The Dog Days of Summer
Animals can help humans in lots of ways . . . Sometimes humans think they rescue animals, but often it's the other way around. Love, Your Favorite Blogging Owl
Did you know that oxytocin levels almost double in people – and in dogs -- when humans talk to and stroke their canine friends? Beta endorphins and dopamine levels supposedly increase, too. So, in the interest of science, my dog Buddy and I are increasing our efforts to generate those feel-good chemicals this summer.
I haven’t always been a dog person. Buddy, the 18-pound Lhasa Apso pictured here, was the first dog in my life in more than 30 years. He rules the house, but apparently that’s okay for the humans who live here, too. According to researchers, we feel better about ourselves if we have animals in our lives. I’ll try to remember that when Buddy wakes me up at 5 a.m. by barking at the wind.
Now that I’m a dog owner, I enjoy reading articles about dogs and scientific research. My favorites are the ones that say not only are dogs smart, they're smarter than cats.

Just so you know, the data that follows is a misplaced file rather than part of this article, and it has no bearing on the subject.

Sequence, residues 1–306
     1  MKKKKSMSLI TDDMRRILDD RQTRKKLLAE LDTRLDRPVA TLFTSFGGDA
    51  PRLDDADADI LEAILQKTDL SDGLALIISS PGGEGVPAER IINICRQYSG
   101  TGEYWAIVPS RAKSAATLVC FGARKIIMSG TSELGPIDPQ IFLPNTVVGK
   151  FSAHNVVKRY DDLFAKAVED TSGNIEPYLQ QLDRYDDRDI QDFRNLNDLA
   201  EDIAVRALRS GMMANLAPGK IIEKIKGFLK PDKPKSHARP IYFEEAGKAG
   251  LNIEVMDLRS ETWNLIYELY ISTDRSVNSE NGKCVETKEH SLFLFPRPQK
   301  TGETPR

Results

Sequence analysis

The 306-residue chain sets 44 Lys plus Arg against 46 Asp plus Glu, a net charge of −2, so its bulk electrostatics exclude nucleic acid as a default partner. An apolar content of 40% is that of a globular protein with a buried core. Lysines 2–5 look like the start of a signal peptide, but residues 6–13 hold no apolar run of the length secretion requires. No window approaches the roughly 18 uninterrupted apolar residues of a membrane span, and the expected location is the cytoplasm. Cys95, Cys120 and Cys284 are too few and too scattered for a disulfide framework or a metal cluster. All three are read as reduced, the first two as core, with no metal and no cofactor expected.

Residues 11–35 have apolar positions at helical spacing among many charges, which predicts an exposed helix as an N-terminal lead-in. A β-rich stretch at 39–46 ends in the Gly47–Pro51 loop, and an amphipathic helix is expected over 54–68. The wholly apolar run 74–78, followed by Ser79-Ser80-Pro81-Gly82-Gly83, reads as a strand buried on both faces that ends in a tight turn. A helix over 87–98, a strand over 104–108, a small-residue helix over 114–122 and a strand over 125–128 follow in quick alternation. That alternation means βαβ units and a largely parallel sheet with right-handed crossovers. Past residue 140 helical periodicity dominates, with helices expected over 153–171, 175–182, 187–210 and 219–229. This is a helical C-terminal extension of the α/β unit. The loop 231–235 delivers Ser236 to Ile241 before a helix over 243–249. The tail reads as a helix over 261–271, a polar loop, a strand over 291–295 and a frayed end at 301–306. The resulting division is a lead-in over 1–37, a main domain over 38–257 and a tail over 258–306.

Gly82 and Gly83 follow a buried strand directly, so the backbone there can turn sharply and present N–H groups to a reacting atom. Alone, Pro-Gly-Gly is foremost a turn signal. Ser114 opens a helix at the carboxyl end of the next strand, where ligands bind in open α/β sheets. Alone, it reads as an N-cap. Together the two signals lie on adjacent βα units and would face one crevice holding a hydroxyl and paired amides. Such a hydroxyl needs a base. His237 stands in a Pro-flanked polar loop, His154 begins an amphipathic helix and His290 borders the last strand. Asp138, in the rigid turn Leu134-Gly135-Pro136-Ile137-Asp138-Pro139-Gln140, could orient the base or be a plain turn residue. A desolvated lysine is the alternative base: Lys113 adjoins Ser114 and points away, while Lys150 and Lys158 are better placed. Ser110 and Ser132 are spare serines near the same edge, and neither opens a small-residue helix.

According to one report, the average dog is at least as smart as a human two-year-old and can understand up to 250 words and gestures, do basic calculations, and count to five – although Buddy seems to have problems with the word “no.” Meanwhile, the research also shows a dog's social skills are at the teenage level. Having raised two teenagers, I can assure you my dog is far more sociable than any surly teenager who responds in monosyllables.
Research that especially generated controversy among cat lovers was conducted by Dr. Britta Osthaus of England's Canterbury Christ Church University, who tested the ability of cats and dogs to retrieve unreachable food from under a plastic screen. She found no cat consistently chose the string with the treat when there were two strings to choose from – unlike the dogs. Cat lovers claim the felines didn’t care about the food – or what people think -- while dogs always try to please humans. I wish someone had informed Buddy of this.
Whether you prefer canines or felines, you probably won't be shocked by the results of an Associated Press-Petside.com poll that found half of all American pet owners consider their pets as much a part of the family as any other member of the household, while another 36 percent say their pet is a member of the family, but not a full member. Most also admit to feeding them human food, nearly half give them human names, and a third let them sleep in their bed.
Buddy likes people food and I suppose his name could be considered human, but I vowed no dog would ever sleep with me. Don't even try to guess how long that lasted.
However, now that I know there are health benefits in having a dog nearby to talk to and pet in order to increase my oxytocin levels, I don’t feel so bad about it.